My approach is to use a simple addressing system that can be applied uniformly regardless of the size or shape of a document, or whether it is print or digital. The approach scales depending on individual needs and can be easily and efficiently encoded and decoded, by both humans and code. I call this addressing system quaddressing.

Beginning with the negative use case: if a derivative represents the entire area of the original, its quaddress is “0”. To specify an area within the document, simply divide the current division into quadrants, beginning with the entire area:

<sodipodi:namedview id=“namedview32” pagecolor="#505050" bordercolor="#eeeeee" borderopacity=“1” inkscape:pageshadow=“0” inkscape:pageopacity=“0” inkscape:pagecheckerboard=“0” showgrid=“false” inkscape:zoom=“0.86125573” inkscape:cx=“502.17373” inkscape:cy=“425.54144” inkscape:window-width=“1920” inkscape:window-height=“1080” inkscape:window-x=“0” inkscape:window-y=“0” inkscape:window-maximized=“1” inkscape:current-layer=“svg30” units=“px” fit-margin-top=“0” fit-margin-left=“0” fit-margin-right=“0” fit-margin-bottom=“0” width=“500px” viewbox-width=“500” viewbox-height=“500” />1234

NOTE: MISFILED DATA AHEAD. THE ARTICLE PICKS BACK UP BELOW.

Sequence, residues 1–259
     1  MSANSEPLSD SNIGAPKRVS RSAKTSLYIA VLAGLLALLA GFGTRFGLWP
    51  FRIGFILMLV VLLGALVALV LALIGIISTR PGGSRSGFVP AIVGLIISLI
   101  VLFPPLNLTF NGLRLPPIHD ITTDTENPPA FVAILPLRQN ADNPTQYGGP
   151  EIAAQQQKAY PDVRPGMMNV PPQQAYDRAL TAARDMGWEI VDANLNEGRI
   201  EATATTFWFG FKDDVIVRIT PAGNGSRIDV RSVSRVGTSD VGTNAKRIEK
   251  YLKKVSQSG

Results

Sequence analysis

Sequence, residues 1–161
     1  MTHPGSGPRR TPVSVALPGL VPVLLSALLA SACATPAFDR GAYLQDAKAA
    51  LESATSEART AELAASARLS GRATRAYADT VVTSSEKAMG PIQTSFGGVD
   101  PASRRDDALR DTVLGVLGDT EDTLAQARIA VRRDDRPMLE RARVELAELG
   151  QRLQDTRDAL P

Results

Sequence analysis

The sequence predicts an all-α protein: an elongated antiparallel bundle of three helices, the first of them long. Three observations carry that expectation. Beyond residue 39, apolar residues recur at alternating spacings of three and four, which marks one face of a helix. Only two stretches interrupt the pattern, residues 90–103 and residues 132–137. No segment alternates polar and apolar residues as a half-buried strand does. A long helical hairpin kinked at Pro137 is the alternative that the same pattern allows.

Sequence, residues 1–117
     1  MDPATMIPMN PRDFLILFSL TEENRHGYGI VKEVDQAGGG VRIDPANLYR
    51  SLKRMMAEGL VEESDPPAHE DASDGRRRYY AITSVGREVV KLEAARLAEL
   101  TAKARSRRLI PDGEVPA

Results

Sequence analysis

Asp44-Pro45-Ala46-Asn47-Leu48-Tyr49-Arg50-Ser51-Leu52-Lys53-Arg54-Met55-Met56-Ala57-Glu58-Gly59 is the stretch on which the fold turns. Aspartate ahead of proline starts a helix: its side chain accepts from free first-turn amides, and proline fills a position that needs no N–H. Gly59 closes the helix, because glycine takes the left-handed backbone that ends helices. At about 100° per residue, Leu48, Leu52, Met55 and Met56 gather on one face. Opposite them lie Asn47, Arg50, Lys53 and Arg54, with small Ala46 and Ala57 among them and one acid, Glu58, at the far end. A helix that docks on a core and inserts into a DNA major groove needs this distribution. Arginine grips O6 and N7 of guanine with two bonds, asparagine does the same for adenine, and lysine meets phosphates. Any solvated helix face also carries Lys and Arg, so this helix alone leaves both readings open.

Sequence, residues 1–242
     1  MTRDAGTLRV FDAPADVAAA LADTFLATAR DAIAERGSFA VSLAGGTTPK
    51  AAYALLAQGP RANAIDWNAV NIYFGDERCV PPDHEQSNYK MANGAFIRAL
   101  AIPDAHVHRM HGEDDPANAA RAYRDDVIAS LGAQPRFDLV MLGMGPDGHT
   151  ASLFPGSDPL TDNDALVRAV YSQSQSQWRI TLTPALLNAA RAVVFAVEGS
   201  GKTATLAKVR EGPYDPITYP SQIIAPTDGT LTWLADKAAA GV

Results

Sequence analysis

As greater specificity is needed, divide each quadrant in the current/highest division into additional quadrants, thus creating a new current/highest division:


The original quadrants are shown by the major grid, the added division by the minor grid.

This approach provides a clear and consistent method for achieving greater specificity by adding an arbitrary number of divisions that can then be referenced in the metadata with an arbitrarily long string of integers:

image.quaddress = "43";

Quaddresses in citations may be abbreviated as in the following real-world example: